PROFILE: Geoff Gollop - "I'll be a safe pair of hands"
The Post is taking an in-depth look at each of the candidates bidding to be Bristol's first elected mayor.
Today, Geoff Gollop.
Birthplace: Bristol Maternity Hospital
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Valid until: Monday, May 27 2013
How long lived in Bristol: All my life
Job: Chartered Accountant in Bristol advising small owner managed businesses
Marital status: Married, Bernice, 21 years
Children: Mark 19, Lorna 18
Secondary school : Clifton College
University: Fitzwilliam College Cambridge
Have you ever been a member of a political party? If so, which ones (current and past): Yes Conservative party all my adult life.
City or Rovers' fan? Both, supported Rovers as a youngster, but City in later years, my father in law, Bernard Cripps, was a life long supporter and honorary Vice President of the Club.
Odds (Ladbrokes): 33/1
GEOFF Gollop likes to see himself as a safe pair of hands with the ability to deliver what is required to make Bristol reach its potential. As an accountant who admits to wearing a grey suit, he said: "I understand finances, I have run my own business, I have run other businesses and I have advised businesses how they should be run.
"I understand how to motivate and achieve respect from people I work with and I understand the importance of public service.
"I think all these things put me in a unique position to be the city's first elected mayor."
It would be easy to think that he had little chance of becoming Bristol's first elected leader because voters tend to vote against the party in Government at local elections.
But if the voting moves to a second round in November, then Geoff is in with a chance of being first over the finishing line. After all, it was the wards in the leafy suburbs rather than Labour's heartlands which showed the highest turnouts and this could work in his favour.
The Secondary Voting System for the mayoral election on November 15 will mean voters will have to show two preferences. If the winner of the first votes does not have a 50 per cent majority, then the runner up stays in the race and the second votes of the eliminated candidates are taken into account.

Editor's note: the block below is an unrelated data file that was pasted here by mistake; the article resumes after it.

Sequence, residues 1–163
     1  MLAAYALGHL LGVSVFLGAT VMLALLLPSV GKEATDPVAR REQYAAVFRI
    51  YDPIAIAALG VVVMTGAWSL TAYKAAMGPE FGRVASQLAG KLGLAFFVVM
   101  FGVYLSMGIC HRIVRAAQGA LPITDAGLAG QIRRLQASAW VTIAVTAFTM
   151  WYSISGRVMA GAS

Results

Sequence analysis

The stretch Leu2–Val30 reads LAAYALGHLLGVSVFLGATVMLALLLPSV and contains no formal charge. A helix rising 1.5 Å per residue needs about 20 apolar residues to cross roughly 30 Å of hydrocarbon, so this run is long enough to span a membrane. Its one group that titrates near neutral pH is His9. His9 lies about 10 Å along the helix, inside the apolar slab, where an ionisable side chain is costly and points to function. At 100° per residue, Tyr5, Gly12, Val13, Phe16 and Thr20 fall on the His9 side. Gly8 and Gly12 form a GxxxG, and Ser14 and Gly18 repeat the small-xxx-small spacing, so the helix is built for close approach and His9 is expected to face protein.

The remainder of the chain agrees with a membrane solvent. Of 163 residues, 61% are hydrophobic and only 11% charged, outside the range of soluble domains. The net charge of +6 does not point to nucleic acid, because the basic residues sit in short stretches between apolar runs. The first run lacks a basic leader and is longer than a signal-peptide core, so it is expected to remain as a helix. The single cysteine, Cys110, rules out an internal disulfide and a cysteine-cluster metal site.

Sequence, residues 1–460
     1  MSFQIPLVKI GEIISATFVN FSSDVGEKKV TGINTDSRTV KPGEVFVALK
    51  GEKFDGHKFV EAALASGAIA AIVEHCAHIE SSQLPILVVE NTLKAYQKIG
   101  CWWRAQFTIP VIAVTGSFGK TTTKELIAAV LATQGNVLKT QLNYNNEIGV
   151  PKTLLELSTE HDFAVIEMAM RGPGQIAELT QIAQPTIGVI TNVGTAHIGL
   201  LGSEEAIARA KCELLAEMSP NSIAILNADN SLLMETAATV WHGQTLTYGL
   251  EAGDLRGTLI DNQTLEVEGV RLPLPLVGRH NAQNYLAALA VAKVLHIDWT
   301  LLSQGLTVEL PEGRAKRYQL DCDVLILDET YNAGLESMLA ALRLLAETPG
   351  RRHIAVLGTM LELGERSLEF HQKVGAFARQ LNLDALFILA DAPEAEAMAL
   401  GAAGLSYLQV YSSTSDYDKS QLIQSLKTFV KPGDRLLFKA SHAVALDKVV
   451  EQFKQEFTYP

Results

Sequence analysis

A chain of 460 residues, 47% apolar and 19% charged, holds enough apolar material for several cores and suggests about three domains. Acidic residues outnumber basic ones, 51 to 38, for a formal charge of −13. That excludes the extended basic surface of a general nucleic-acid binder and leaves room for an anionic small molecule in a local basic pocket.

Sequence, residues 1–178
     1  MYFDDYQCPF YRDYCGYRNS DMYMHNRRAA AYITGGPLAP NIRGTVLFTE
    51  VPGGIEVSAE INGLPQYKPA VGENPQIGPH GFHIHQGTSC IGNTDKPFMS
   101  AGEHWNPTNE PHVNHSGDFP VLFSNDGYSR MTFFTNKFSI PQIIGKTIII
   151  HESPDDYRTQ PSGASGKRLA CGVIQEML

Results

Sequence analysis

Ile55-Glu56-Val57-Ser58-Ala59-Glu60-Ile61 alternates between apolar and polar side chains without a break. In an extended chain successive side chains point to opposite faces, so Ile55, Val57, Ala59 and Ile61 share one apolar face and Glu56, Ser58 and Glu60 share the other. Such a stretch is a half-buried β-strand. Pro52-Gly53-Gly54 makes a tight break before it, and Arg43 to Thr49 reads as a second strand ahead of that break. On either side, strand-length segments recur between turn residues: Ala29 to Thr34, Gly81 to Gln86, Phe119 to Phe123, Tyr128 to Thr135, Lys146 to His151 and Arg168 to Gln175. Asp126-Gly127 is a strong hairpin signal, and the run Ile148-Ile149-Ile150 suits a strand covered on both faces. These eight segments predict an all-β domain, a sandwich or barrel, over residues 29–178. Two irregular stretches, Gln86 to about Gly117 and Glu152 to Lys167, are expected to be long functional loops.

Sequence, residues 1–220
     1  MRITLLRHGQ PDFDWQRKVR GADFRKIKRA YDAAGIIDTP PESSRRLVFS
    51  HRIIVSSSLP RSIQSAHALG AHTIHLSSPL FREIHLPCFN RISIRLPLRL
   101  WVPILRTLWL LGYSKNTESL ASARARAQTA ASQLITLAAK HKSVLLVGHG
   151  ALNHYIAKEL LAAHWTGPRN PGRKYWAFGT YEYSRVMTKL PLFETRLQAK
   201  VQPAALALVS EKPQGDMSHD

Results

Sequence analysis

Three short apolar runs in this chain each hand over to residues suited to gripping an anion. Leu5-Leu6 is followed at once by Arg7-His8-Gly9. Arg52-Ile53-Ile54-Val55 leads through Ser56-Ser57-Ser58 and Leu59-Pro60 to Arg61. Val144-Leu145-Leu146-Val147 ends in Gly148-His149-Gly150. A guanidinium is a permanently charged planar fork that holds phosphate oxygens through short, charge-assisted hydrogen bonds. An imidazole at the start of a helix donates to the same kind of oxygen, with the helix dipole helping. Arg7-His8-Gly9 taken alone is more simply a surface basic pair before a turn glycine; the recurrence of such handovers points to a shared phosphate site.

Geoff is a number cruncher who can drill down to the nitty gritty of the civic budget and ask the right kind of questions to keep the council's top executives on their toes.
But he sees the task of an elected mayor as much more than that. "My vision for the city is first of all where people to talk with each other to make sure we get the best for the city but with the view of a can-do culture.
"My concern is that we get plenty of reasons why something cannot be done but what we have got to start doing is being positive about what can be achieved – that requires a concerted effort and a clear vision."
Geoff sees transport and education as the city's top two issues.
"We have got to stop this daily gridlock which is costing unimaginable sums of money to the local economy," he said. He agrees in principle with the rapid bus system but would want to examine some parts of the routes such as the section in Harbourside and is against a park and ride site on allotments in Stapleton.
It was education which compelled him to enter politics 11 years ago because he was so incensed that when his son left the junior school, 100 pupils went to 26 different schools.
"That is no way to develop a strong community and what I discovered when I first came onto the council was that everywhere in the city, there was a massive flow of pupils into schools in neighbouring authorities.
"I see it as fundamental that our children should get an acceptable level of education within the community they live."
He believes the educational tide is turning and results in Bristol's schools are starting to get better.